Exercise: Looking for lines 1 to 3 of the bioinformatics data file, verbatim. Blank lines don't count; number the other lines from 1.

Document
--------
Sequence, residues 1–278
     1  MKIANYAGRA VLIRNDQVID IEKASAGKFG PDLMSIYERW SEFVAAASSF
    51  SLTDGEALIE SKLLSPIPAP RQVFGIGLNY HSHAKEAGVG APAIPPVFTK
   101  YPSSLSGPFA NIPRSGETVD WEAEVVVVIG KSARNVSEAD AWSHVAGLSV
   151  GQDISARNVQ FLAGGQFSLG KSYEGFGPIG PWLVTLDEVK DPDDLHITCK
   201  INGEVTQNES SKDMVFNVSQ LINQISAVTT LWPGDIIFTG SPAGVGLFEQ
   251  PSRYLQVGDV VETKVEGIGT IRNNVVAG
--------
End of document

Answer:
Sequence, residues 1–278
     1  MKIANYAGRA VLIRNDQVID IEKASAGKFG PDLMSIYERW SEFVAAASSF
    51  SLTDGEALIE SKLLSPIPAP RQVFGIGLNY HSHAKEAGVG APAIPPVFTK